Planning & Forecasting
Teams need to use their metrics to become more accurate when they plan and forecast. A stable Cycle Time means that a team can predict how long it will take for them to for them to complete a backlog item on average.
Scrum can make it easier for teams to plan and to forecast delivery as the inbuilt timebox of the sprint provides more data to highlight issues and identify appropriate changes. For example, Say/Do Ratio and Burndown Charts measure predictability – is the team able to deliver what they forecast? If not, what can they change to become more predictable? Are their stories too big? Are they considering capacity (holidays, training, support etc.) when planning?
With Kanban there are no in-built trigger points, so teams need to be very disciplined in using their metrics, and there are fewer predictability metrics available
Backlog Item Breakdown & Refinement
A mature team is able to break down backlog items down to smaller increments that still deliver value.
Both Scrum and Kanban work best when backlog items meet the INVEST criteria.
Scrum’s sprints ensure that backlog items are no longer than 2 weeks (and preferably less!). Teams working in Kanban need to be disciplined in breaking down their backlog items and ensuring that they are small enough to avoid too much deviation in size. Smaller backlog items are more accurate – whereas a 3-month piece of work has a lot of unknowns and deviation from the original idea. Instead of painstakingly trying to plan a 3-month piece of work, identify what value you could achieve from that 3-month item in the next 2 weeks. This gives you greater certainty – and you build on it incrementally. A mature team also ensures backlog items are well-defined and don’t result in lots of re-work (the well-known software maxim of Garbage In, Garbage Out). Starting work on poorly defined backlog items inevitably results in becoming blocked or not knowing when you are "done", which will negatively impact your Cycle Time and ability to deliver at a sustainable pace.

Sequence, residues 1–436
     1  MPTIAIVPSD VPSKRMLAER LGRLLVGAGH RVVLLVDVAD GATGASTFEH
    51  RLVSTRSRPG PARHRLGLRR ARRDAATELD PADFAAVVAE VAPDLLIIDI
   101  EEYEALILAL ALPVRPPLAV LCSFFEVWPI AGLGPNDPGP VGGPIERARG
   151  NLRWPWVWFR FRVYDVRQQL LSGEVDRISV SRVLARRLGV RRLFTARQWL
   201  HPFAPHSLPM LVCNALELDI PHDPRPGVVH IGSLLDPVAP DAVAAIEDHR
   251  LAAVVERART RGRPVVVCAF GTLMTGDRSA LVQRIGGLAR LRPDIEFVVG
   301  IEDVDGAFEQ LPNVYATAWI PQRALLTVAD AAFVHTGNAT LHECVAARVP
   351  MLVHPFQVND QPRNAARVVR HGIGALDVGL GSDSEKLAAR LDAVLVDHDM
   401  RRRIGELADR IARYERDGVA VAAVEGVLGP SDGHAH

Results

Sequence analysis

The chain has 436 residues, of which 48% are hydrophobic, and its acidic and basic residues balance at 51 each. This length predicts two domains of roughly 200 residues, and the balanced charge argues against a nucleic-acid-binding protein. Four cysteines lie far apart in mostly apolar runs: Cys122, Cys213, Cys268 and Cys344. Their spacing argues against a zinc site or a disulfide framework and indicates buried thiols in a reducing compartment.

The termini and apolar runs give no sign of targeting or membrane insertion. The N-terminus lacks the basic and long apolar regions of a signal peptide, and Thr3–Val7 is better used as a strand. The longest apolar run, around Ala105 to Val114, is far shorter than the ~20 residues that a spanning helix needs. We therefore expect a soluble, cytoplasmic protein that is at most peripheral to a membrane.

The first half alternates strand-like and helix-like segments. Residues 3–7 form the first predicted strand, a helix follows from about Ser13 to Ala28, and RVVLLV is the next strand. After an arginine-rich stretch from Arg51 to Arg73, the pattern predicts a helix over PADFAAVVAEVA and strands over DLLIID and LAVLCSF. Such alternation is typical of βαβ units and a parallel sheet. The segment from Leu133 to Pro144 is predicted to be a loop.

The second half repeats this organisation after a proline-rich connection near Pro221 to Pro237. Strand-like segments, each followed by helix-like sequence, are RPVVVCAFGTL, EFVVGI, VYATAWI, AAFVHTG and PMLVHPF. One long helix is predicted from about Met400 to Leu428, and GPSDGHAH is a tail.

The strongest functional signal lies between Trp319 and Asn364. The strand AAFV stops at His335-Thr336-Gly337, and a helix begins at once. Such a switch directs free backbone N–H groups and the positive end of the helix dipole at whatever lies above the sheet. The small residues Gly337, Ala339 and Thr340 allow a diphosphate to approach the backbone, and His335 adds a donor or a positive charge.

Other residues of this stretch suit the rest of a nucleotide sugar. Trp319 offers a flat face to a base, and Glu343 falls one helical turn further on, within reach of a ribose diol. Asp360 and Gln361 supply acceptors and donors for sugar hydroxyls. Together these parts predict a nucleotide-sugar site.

As a general rule, if your team is good at breaking down stories, has an active interest in the metrics, always looks for opportunities to improve, and has a stable cycle time, then Kanban may be suitable. If the team is less mature, then Scrum may be the better option.
Teams who work only on new products/features can use Scrum or Kanban. Many teams of this type will start with Scrum, and only when they're very stable and mature would they consider moving to Kanban.
Teams who have a mixture of strategic work and support and maintenance can use Scrum or Kanban. When using Scrum, teams must track the ratio of the different types of work (planned and unplanned) and use this data to understand their capacity available for strategic, planned work. Capacity considers the availability of the team, as well as the proportion of time that should be reserved for unplanned support and maintenance work. Obviously, this is approximate and a major incident can torpedo the whole sprint. On the other hand, there may be little to do one sprint, and the team should ensure that enough work is ready so that they can pull things in. This will often take the form of small items of tech debt or similar tasks that can be picked up and put down again if something critical comes in. Again, most of this type of team will start with Scrum, and only when they're very stable and mature would they consider moving to Kanban.